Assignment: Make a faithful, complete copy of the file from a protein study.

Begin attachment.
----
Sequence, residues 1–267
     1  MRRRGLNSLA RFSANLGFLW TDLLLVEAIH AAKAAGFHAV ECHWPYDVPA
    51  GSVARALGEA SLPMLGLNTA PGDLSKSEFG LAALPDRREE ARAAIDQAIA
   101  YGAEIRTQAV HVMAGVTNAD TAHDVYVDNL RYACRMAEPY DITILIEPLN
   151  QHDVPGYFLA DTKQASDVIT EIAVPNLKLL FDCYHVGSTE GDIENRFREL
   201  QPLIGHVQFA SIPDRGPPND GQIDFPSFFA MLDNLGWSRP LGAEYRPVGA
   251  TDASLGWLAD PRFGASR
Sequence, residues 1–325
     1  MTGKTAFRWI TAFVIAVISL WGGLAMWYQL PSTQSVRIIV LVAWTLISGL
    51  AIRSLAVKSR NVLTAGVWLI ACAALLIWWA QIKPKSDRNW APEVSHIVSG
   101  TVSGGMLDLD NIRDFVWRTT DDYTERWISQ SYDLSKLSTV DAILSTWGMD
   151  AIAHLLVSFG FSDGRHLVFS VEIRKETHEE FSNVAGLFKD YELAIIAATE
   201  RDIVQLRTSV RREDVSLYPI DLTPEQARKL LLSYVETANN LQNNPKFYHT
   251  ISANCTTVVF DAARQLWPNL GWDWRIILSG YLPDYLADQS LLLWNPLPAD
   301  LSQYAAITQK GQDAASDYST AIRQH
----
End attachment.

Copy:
Sequence, residues 1–267
     1  MRRRGLNSLA RFSANLGFLW TDLLLVEAIH AAKAAGFHAV ECHWPYDVPA
    51  GSVARALGEA SLPMLGLNTA PGDLSKSEFG LAALPDRREE ARAAIDQAIA
   101  YGAEIRTQAV HVMAGVTNAD TAHDVYVDNL RYACRMAEPY DITILIEPLN
   151  QHDVPGYFLA DTKQASDVIT EIAVPNLKLL FDCYHVGSTE GDIENRFREL
   201  QPLIGHVQFA SIPDRGPPND GQIDFPSFFA MLDNLGWSRP LGAEYRPVGA
   251  TDASLGWLAD PRFGASR
Sequence, residues 1–325
     1  MTGKTAFRWI TAFVIAVISL WGGLAMWYQL PSTQSVRIIV LVAWTLISGL
    51  AIRSLAVKSR NVLTAGVWLI ACAALLIWWA QIKPKSDRNW APEVSHIVSG
   101  TVSGGMLDLD NIRDFVWRTT DDYTERWISQ SYDLSKLSTV DAILSTWGMD
   151  AIAHLLVSFG FSDGRHLVFS VEIRKETHEE FSNVAGLFKD YELAIIAATE
   201  RDIVQLRTSV RREDVSLYPI DLTPEQARKL LLSYVETANN LQNNPKFYHT
   251  ISANCTTVVF DAARQLWPNL GWDWRIILSG YLPDYLADQS LLLWNPLPAD
   301  LSQYAAITQK GQDAASDYST AIRQH